A North American cherry with an edible astringent fruit that is more palatable when cooked.
- Prunus virginiana, family Rosaceae.
- They picked wild service berries, choke cherries, and buffalo or bull berries in the fall, and gathered the bark of the cottonwood tree, enjoying its sweet interior.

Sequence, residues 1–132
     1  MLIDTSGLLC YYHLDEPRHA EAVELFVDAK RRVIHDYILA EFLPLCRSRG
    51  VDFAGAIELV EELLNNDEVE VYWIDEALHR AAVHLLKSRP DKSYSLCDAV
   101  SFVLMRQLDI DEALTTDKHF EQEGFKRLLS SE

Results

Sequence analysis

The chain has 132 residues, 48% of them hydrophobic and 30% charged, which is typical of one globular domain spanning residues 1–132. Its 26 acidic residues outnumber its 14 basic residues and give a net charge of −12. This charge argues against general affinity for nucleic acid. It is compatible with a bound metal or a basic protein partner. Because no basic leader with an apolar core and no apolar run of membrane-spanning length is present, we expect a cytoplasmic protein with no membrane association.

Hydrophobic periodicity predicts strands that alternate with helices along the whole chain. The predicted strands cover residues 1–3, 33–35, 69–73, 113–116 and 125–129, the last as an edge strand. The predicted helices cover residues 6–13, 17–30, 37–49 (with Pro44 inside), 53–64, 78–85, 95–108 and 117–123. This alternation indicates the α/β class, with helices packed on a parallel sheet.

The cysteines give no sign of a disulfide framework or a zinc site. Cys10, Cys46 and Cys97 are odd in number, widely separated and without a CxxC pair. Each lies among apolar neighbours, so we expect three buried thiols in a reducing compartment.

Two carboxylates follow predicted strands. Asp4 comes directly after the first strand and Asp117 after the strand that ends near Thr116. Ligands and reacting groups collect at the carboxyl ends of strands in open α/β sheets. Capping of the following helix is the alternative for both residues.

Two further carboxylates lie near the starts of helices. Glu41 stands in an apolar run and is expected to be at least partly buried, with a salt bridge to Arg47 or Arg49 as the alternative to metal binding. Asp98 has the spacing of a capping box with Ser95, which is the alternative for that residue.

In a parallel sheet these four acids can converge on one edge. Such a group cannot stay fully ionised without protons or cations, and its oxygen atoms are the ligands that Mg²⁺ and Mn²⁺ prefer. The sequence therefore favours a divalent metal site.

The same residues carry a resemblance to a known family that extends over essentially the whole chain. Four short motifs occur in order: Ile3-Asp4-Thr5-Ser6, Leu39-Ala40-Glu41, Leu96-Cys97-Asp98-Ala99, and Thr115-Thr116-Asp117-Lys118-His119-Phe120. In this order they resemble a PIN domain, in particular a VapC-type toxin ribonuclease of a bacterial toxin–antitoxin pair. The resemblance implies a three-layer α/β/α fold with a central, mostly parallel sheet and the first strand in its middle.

- Astringency is removed by cooking, and choke cherries make tasty pie-fillings, sauces and wine.
- Picking choke cherries is easy, because they grow in big clusters and your bucket will fill up fast.
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